Playing Digital Time: My Ten Cents
A Way To Visualize Centuries, For Teachers and Other Tourguides
Have you ever been at a party where you step out for two seconds, the house suddenly crashes down on all those still inside, and you have to use your memory to recall the seating positions of all party-goers to help identify the deceased? Hopefully this is an experience unique to Simonides alone (De Orat. 2.353). However, I bet we can still relate to Simonides’ subsequent ideas of perception, as Antonius describes them in Cicero’s De Oratore (2.357/8; translations are my own):
ea maxime animis effingi nostris quae essent a sensu tradita atque impressa; acerrimum autem ex omnibus nostris sensibus esse sensum videndi; quare facillime animo teneri posse ea quae perciperentur auribus aut cogitatione si etiam commendatione oculorum animis traderentur; ut res caecas et ab aspectus iudicio remotas conformatio quaedam et imago et figura ita notaret ut ea quae cogitando complecti vix possemus intuendo quasi teneremus.
Things which have been passed down or engraved by our faculty of sensation are most effectively molded on our minds. But the sharpest of all our senses is the sense of sight, so that things which are perceived by the ears or by thinking are able to be held most easily by the mind if they are also passed down to our minds with the help of the eyes; it follows that a certain shape and image and figure thus inscribe things hidden or far from the judgement of sight so that things which we can barely understand through thinking we hold as if by seeing.
Here Cicero is writing about memory with respect to how to be a good orator. Is this a trick that can help us in another facet of our lives — that is, in remembering historical dates? Humans are generally terrible with numbers. We quickly turn to counting on our hands. We do it as kids and, admit it, we still do it as adults. Personally, in elementary school, I wished all multiplication tables had the 9s table multiplication trick so I did not have to memorize numbers. Is there a similar trick that can help us see time, rather than arbitrarily memorize dates? Antonius continues with Simonides’ system:
His autem formis atque corporibus, sicut omnibus quae sub aspectum veniunt sede opus est, etenim corpus intellegi sine loco non potest. Quare (ne in re nota et pervulgata multus et insolens sim) locis est utendum multis, illustribus, explicatis, modicis intervallis; imaginibus autem agentibus, acribus, insignitis, quae occurrere celeriterque percutere animum possint; quam facultatem et exercitatio dabit, ex qua consuetudo gignitur…
But, just as for all things which come under our vision, there is a need for a residence for these forms and bodies, just as a body cannot be understood without a place. Thus, lest I be tedious and extravagant on a known and common affair, many locations must be used, locations that are clear, disentangled, and at moderate intervals; also images that are powerful, sharp, distinguished, which are able to come upon and strike the mind quickly; practice will give this ability, from which habit springs…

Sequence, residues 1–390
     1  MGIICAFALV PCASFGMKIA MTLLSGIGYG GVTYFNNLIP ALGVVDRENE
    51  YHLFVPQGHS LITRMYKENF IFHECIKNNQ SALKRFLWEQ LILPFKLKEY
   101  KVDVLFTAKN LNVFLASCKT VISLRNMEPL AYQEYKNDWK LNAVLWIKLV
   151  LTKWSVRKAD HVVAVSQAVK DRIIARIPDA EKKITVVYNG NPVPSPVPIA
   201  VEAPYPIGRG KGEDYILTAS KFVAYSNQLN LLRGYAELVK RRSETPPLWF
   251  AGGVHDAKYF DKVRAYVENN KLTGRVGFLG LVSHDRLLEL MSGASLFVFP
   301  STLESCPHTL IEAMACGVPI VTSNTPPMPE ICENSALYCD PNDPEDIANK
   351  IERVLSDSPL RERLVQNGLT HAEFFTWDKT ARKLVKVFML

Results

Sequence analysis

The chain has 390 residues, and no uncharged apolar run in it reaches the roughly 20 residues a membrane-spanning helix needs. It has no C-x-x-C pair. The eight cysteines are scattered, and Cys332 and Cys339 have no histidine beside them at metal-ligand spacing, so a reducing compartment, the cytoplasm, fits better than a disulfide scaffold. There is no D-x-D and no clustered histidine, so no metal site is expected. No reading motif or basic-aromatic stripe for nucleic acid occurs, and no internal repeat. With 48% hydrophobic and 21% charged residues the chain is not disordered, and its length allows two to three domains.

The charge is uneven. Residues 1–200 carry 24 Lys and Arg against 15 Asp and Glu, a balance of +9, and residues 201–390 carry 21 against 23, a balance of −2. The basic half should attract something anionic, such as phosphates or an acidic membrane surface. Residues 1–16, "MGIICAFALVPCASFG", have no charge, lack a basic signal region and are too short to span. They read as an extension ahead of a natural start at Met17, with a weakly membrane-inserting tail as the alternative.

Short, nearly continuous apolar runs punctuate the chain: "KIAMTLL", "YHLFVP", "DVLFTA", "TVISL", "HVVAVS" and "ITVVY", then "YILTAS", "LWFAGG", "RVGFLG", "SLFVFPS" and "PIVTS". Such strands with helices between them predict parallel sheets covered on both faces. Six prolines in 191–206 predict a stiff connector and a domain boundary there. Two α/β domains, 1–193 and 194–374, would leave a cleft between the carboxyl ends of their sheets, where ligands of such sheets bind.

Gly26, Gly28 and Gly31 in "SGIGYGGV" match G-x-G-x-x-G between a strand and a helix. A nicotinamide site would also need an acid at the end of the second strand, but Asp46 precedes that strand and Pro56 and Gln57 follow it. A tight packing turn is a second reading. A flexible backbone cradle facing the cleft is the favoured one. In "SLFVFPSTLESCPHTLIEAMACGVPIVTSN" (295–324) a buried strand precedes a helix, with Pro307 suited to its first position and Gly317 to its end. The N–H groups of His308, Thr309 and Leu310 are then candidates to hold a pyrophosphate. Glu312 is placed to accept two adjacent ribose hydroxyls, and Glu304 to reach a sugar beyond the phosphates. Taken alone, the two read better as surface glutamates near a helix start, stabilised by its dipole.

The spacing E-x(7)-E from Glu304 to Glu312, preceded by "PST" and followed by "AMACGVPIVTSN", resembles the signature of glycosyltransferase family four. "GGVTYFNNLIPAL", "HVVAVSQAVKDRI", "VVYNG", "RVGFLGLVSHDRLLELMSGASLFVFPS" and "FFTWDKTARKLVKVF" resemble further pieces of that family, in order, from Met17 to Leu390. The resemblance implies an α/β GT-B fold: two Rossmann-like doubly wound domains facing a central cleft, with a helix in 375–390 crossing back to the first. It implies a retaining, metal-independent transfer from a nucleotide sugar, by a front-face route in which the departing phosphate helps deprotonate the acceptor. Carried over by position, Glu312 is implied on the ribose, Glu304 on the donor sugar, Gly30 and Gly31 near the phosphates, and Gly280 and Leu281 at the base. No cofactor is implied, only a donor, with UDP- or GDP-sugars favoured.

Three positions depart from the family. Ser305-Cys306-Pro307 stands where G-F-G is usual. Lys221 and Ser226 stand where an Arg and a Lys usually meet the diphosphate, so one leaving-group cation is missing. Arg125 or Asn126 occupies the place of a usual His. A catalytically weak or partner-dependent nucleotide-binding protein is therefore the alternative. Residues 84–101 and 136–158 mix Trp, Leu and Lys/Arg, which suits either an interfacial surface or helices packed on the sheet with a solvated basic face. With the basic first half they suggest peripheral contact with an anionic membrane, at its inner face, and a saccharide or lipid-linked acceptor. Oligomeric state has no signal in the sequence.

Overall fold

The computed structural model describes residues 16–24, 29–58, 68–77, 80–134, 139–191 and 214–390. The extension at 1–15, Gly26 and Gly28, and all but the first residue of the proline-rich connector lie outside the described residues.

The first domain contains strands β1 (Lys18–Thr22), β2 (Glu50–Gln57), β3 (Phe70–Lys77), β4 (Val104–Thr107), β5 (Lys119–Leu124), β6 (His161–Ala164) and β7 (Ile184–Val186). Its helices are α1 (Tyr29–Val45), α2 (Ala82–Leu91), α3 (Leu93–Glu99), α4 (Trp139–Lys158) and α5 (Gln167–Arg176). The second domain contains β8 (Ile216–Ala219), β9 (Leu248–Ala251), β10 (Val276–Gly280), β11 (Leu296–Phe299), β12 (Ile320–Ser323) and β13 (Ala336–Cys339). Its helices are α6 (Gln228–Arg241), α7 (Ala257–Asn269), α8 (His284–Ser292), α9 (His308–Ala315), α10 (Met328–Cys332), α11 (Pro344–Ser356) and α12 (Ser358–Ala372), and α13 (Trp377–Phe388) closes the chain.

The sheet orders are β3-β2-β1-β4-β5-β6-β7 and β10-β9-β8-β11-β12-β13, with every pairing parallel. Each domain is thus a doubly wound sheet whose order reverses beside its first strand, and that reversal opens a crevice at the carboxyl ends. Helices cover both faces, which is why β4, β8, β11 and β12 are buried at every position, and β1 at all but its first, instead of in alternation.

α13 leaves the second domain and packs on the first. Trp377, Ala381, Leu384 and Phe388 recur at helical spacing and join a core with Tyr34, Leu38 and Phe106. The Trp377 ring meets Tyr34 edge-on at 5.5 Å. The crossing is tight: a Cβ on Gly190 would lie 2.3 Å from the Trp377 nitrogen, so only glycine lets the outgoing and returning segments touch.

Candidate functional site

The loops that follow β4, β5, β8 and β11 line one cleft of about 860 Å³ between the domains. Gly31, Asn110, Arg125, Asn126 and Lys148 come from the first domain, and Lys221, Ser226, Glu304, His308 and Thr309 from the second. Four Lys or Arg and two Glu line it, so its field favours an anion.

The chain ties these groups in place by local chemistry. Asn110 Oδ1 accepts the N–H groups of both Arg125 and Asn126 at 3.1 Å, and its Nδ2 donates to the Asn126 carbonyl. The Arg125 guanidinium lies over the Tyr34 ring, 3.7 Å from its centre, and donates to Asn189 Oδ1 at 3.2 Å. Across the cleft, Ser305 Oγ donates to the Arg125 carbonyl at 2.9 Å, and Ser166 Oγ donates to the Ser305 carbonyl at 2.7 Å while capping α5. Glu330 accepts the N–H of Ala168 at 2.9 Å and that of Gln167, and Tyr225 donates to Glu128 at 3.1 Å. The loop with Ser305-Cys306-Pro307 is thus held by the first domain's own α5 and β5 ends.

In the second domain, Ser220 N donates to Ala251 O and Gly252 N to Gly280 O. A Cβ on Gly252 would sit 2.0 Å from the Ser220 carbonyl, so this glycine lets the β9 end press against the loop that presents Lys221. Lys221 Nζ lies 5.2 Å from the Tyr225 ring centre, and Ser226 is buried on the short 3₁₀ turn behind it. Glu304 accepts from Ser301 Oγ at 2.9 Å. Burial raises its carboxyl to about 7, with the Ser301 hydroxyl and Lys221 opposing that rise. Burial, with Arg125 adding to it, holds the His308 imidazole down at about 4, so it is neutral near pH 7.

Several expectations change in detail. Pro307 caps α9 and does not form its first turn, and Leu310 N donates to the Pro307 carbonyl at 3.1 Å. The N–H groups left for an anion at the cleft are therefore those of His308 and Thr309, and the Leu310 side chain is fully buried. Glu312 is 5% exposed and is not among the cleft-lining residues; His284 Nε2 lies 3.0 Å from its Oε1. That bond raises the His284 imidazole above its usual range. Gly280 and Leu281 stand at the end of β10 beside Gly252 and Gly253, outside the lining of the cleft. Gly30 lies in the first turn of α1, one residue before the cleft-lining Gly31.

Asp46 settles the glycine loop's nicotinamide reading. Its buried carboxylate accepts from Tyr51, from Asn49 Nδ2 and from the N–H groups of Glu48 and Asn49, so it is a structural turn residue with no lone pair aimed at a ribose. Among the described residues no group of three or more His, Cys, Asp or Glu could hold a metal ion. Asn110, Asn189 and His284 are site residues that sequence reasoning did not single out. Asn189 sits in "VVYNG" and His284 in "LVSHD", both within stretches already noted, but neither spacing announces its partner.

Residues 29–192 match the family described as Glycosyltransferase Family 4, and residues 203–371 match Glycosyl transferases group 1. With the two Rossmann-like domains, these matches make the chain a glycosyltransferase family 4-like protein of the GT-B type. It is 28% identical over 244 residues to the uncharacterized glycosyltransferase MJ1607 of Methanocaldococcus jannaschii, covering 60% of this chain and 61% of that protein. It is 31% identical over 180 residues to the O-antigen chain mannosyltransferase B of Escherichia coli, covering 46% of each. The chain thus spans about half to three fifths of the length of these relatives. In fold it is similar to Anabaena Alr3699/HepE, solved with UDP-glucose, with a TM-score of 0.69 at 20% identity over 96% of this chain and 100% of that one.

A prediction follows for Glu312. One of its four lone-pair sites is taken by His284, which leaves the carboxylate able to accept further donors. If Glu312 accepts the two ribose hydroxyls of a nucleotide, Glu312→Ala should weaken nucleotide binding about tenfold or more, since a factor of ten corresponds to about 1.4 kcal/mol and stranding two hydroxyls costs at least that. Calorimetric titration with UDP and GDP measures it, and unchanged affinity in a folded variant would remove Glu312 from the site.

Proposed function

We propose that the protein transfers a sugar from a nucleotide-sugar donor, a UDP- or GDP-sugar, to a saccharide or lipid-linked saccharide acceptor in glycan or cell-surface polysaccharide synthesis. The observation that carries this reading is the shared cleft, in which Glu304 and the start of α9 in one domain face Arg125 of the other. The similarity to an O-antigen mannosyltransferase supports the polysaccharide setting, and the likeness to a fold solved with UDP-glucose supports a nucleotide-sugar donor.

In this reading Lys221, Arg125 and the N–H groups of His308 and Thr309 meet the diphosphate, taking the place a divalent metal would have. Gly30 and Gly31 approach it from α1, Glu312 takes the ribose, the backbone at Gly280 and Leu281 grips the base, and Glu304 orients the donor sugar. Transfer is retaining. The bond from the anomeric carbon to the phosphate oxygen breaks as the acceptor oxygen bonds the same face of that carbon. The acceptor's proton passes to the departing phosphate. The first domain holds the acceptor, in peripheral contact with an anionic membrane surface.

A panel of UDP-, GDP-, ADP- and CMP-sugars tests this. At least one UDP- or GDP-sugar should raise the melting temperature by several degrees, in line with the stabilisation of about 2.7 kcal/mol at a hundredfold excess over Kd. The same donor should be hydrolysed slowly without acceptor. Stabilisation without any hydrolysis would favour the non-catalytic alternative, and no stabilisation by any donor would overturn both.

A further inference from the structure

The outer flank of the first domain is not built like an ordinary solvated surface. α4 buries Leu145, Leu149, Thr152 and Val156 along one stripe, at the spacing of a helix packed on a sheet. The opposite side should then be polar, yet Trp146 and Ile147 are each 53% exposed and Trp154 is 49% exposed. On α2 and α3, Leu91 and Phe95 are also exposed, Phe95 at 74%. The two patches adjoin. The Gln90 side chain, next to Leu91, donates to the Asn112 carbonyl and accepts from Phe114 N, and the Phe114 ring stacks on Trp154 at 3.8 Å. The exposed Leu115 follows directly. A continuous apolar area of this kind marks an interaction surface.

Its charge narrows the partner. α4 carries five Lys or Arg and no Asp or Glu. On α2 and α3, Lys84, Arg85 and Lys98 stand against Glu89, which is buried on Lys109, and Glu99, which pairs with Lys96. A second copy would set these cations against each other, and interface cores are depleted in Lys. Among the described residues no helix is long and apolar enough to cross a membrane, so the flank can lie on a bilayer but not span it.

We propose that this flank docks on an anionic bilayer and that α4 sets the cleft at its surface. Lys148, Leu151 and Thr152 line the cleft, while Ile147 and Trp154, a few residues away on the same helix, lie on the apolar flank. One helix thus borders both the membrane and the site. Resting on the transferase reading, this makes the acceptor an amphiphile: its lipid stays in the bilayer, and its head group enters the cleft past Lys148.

As a Rome Fellow last year, I had to begin learning how to be a teacher and used the benefits of presenting Latin texts in (and about) ancient sites — loci in locis. I struggled with memorizing dates and wondered how I could share a conception of time if it always slipped from my mind. I needed the benefits of tempora in locis. I needed a location in which to place time in clearly organized physical intervals. And I found it, a location I have always had, which I could take with me outside of Rome, which I can use for the rest of my life. And you can too! After reading Cicero’s De Oratore, I now become a digital infomercial orator on a new product, a tool based on Simonides’ memory palace technique. I call it… Digital Time! Spoiler alert: it’s all in the hands.
Back when I was learning to play piano, my grandmother chastised me for how lucky I was to have a piano in the apartment. When she was a little girl, she would come home from school and practice piano, despite not having such an instrument in the house. She had cut out and taped sheets of paper together with all 88 black and white keys drawn on. This anecdote was surely to encourage me to practice more, but I was always at awe to think of her tapping on paper keys and conjuring up the subsequent musical sounds. It was this story that locked in me an admiration of the resourceful communicative tool of hands in everyday life — from the vulgar to the ingenious. Hands, powered by the imagination, are a visual guide that you can take, and can take you, anywhere!
Introducing Digital Time! You’ll be using your fingers — digiti in Latin — your digits. To begin, lay your hands out in front of you, palms down, like you are about to do the 9s multiplication trick, or play on my grandma’s paper piano. This is the first millennium. Each finger, or digit, is a century, and tempus fugit, time flees left to right. If you are a teacher showing this to your students (a girl can dream!), stand with your back to your students and extend both arms to your right side, speaking from your right shoulder and inviting them to mimic your hands.
The 9th century is the 800s.
The difference between ordinal and cardinal numbers is confusing even in adulthood. Ordinal tells the order of something in a list (first, second, third), while cardinal numbers simply say how much there is (one, two, three). Digital Time might give a visual clarification of how these are related with regard to centuries.
Each finger flexes down to go through a century. The left pinky as the first century goes through the cardinal numbers 1–100 CE, the left ring finger 101–200 CE, and left middle finger 201–300 CE, all the way to the right pinky’s 901–1,000 CE.
The cardinal numbers included in the 9th century are 801–900, yet the century itself goes by an ordinal number, “9th,” since there have been eight centuries before it. Most of the years represented by this finger will be in the 800s, which is why it is convenient to see that when the 9th century digit is flexed, there are 8 fingers to the left of it, hence, 9th century is 800s.